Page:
Think that any combination of Republicans and Democrats that gets 51 votes in the Indiana House or 26 votes in the Indiana Senate assures passage of a bill?
Bless your heart.
More often than not, legislative leaders—both in the Statehouse and in Congress—require that a bill have the support of a majority of the majority to even get a floor vote.
And they make that decision in debate behind closed doors, in a political-party caucus.
It’s Republicans that have the majorities now, but this was just as true when Democrats held the U.S. House.
In Congress, this is called the “Hastert Rule”—even though it’s not a rule, just a made-up partisan demand. (And no one should be calling anything after Dennis Hastert, the former speaker of the U.S. House who just got out of prison on charges that stem from sexual abuse of students.)
Right now, a coalition of Democrats and many Republicans in the U.S. House and Senate would vote for a stand-alone bill to protect the so-called Dreamers—U.S. residents brought here illegally as children. Yet GOP leaders won’t allow that. They want a bill that would pass with a majority of Republicans—and just enough Democrats in the Senate to avoid a filibuster.
And in Indiana, bills that would tell judges to impose stiffer sentences if a crime was committed due to a bias against a particular race, religion, gender, sexual orientation or gender identity have routinely died. Would they have passed if they had made it to the floor? No one knows, because there hasn’t been a vote.
The most recent attempt failed last month after Senate President Pro Tem David Long, R-Fort Wayne, said Republicans could not reach consensus.
Republicans. Not lawmakers. Republicans.
The same thing happened in 2016. Senate GOP leaders met privately and killed a hate-crimes bill that had passed out of committee because, Long said, the bill didn’t have enough support from Republicans.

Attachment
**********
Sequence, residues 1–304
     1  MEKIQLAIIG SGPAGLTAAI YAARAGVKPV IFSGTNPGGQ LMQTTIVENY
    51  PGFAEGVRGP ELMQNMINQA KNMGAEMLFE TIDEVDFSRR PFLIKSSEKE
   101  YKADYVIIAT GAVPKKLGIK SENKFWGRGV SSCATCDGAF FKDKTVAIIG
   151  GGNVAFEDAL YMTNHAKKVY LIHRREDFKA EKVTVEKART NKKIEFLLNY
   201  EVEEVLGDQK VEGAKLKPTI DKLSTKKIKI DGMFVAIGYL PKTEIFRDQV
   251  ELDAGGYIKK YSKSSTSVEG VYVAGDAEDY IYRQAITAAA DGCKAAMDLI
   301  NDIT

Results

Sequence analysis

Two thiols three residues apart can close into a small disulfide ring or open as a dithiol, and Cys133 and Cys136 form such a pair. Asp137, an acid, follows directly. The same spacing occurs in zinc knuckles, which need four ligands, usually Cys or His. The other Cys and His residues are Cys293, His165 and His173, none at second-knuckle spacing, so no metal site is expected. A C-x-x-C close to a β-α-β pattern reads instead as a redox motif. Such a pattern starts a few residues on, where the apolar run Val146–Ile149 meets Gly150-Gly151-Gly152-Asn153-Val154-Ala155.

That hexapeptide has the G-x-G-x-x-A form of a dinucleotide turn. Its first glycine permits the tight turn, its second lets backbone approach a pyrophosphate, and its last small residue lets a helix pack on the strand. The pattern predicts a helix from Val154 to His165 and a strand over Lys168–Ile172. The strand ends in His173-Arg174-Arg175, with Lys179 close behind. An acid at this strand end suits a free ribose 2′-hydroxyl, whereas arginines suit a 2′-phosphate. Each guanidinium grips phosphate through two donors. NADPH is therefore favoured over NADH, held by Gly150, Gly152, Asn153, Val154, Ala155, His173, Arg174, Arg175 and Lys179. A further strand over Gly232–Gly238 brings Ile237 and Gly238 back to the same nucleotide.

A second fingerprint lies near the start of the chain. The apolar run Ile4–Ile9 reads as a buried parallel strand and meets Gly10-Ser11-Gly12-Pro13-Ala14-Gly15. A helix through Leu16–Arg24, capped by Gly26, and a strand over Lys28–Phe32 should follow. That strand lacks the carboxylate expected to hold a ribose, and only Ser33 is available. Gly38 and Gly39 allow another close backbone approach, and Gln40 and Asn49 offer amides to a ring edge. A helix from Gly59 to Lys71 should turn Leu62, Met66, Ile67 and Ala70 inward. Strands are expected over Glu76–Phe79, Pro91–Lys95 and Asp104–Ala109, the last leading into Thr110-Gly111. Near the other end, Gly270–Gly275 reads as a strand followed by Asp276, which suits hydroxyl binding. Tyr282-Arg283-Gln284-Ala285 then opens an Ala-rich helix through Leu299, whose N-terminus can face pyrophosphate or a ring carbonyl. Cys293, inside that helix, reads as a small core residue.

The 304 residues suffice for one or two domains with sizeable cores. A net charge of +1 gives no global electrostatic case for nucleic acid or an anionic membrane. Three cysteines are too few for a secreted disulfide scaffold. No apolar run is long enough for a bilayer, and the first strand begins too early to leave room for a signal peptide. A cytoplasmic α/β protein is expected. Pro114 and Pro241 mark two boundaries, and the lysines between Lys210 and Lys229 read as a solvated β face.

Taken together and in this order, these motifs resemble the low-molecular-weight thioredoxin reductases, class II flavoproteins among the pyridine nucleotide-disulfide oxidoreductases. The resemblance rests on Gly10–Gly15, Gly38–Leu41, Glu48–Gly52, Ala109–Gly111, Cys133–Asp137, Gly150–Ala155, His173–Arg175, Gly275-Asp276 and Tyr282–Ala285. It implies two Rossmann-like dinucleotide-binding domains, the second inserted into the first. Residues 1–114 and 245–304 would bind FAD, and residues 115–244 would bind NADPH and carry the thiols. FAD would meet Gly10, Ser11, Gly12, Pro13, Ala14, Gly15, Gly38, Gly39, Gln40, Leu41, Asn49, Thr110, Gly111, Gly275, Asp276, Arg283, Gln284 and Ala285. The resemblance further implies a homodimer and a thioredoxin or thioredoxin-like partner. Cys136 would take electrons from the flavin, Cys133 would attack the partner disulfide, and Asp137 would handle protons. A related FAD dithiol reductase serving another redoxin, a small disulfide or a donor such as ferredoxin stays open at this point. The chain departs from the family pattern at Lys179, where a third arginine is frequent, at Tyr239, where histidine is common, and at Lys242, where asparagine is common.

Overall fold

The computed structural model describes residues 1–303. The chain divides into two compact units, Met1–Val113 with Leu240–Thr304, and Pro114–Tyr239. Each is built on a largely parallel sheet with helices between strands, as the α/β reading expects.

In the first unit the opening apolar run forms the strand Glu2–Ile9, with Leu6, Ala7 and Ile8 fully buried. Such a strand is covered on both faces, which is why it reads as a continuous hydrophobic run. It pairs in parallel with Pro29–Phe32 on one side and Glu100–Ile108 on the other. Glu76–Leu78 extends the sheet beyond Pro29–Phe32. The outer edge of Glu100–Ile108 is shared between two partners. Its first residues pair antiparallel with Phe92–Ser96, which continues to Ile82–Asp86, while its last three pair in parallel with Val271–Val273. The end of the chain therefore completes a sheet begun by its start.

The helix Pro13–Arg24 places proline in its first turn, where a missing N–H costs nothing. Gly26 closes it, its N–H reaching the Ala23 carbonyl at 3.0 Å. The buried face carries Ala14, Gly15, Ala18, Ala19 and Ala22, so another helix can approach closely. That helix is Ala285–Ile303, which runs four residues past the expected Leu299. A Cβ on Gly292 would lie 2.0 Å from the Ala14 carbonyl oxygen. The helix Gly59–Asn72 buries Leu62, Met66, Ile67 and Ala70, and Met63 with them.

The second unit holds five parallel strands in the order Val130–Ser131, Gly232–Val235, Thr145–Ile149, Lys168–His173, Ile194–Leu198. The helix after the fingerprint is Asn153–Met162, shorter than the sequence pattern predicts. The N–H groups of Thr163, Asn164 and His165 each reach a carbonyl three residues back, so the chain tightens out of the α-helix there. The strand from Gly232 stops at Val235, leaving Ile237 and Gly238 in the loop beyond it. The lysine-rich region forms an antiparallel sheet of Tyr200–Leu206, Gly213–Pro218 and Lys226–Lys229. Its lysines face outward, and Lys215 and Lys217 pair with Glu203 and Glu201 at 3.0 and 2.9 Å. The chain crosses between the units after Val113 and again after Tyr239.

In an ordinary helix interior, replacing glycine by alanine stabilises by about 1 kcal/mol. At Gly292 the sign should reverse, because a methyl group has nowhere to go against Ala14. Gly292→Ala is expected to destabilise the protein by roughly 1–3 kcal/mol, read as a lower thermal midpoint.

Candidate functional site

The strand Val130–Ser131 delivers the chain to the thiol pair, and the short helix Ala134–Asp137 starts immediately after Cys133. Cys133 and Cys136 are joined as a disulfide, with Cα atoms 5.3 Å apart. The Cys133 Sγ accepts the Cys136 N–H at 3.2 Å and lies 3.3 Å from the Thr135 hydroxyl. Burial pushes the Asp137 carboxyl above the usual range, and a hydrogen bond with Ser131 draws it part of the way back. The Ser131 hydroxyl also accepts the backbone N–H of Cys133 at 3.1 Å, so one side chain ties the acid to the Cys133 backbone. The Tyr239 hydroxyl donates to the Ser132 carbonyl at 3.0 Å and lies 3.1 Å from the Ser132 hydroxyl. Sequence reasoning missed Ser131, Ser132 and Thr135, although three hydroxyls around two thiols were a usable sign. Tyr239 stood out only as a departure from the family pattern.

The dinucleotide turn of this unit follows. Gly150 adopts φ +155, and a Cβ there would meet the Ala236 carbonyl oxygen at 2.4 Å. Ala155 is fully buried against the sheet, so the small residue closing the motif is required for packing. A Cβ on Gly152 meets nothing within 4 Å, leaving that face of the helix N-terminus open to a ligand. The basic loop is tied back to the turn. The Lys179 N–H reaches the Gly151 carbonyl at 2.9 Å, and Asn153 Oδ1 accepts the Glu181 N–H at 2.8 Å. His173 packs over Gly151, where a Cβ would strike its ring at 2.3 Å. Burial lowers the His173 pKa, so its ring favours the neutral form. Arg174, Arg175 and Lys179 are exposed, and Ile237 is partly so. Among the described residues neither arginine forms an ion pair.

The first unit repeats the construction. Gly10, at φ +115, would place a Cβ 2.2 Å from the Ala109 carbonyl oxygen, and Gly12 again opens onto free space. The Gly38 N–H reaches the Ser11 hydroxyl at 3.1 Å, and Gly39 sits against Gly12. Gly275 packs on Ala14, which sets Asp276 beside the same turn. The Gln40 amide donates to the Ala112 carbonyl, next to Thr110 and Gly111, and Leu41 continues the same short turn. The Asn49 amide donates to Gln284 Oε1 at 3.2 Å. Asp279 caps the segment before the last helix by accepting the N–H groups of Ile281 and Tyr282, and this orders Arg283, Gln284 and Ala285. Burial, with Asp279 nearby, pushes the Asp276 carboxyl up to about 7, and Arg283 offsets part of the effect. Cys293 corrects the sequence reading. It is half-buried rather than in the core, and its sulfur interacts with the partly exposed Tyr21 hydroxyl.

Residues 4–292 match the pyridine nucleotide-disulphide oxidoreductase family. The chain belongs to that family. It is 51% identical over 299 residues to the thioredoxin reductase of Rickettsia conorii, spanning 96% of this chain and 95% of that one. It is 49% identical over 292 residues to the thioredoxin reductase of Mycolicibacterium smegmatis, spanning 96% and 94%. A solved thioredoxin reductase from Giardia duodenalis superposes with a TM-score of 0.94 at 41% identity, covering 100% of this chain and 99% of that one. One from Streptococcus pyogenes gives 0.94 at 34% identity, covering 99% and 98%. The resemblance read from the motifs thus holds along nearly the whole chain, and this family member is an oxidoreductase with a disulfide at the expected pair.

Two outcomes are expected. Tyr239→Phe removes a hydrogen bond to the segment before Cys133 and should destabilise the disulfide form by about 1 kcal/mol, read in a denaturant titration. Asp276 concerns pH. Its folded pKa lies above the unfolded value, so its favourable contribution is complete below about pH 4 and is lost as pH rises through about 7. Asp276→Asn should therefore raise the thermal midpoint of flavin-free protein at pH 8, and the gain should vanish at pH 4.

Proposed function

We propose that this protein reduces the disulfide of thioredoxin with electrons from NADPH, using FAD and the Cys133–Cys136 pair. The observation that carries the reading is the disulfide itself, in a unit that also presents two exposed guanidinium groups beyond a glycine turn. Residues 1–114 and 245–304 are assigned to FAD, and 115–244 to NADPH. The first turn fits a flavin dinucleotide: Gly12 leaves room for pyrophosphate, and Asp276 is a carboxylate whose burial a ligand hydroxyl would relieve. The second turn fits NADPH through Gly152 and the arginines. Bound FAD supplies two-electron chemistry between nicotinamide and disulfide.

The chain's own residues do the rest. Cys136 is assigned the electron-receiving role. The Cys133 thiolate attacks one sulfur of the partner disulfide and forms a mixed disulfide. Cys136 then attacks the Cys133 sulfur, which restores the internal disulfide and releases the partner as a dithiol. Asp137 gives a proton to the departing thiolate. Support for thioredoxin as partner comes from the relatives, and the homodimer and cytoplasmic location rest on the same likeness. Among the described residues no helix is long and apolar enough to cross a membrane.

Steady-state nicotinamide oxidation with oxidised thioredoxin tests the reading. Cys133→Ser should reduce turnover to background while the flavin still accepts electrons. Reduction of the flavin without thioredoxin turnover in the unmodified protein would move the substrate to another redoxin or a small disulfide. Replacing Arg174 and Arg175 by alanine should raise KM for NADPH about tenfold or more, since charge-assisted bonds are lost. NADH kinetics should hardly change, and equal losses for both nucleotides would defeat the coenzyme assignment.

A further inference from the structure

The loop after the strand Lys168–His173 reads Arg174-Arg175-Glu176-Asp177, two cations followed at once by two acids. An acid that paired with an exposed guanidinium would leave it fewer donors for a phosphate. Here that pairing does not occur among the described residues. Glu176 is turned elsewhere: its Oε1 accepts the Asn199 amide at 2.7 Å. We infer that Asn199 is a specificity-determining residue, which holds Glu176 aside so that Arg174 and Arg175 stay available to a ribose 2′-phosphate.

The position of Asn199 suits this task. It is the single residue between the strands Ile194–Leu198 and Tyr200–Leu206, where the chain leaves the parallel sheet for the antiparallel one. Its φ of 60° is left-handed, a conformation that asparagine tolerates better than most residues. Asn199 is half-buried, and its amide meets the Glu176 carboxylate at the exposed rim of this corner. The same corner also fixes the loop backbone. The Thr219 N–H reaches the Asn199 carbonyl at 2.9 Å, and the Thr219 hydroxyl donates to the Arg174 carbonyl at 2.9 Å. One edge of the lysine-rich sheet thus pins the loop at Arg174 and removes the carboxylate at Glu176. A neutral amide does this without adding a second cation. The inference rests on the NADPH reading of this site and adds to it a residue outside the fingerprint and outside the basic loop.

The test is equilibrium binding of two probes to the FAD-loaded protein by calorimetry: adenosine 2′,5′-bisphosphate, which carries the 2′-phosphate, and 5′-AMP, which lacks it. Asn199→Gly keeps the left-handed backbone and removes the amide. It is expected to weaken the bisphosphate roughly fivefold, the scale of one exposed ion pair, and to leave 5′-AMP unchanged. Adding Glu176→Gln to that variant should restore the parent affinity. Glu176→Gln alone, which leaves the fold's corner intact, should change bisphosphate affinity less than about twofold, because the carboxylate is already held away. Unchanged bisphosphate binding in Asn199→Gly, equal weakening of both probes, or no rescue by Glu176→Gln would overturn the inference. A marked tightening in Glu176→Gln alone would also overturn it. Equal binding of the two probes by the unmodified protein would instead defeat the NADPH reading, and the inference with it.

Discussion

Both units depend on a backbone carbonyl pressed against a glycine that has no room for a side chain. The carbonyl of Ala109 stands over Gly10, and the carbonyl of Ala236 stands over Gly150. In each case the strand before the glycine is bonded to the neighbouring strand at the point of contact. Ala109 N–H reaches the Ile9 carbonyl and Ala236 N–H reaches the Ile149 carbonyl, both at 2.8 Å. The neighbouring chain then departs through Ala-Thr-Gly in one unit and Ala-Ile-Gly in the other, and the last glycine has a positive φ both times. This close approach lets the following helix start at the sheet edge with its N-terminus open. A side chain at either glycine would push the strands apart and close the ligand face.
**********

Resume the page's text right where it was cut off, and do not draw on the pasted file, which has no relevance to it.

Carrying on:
There was no debate on the floor, much less a vote.
And the reasons for the opposition remain behind closed doors, in private-party caucus meetings, with the public not privy to the debate at all.
Now, I’ve got questions myself about how to address the genuine issue of hate-motivated attacks in Indiana while not running afoul of the First Amendment. But 45 other states have managed it, and Indiana’s failure stands out like a big red pimple as the state courts a new Amazon headquarters.
The problem of keeping debate private also extends to controversial bills that do make it to the floor of the House or Senate. The minority party sends person after person up to offer amendments or speak against the bill, and majority-party members sit silently at their desks offering no comments at all until they push the green button to vote “yes.”
Julia Vaughn, who, as policy director for Common Cause Indiana, has fought for years to bring more sunshine to the legislative process, said the system of keeping serious debate behind closed doors “whitewashes issues and denies the public the right to hear deliberations.”
“All the public gets to hear is the edited-for-public-consumption version,” she said. “It’s certainly helping the parties to not air dirty laundry, but getting to see the dirty laundry is essential to understanding how they got to their conclusion.”
You have to ask yourself, what is so politically or personally embarrassing about their view on a bill that they can say it in private but not in public?•
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Schneider covered Indiana government and politics for The Indianapolis Star for more than 20 years. Send comments to email@example.com.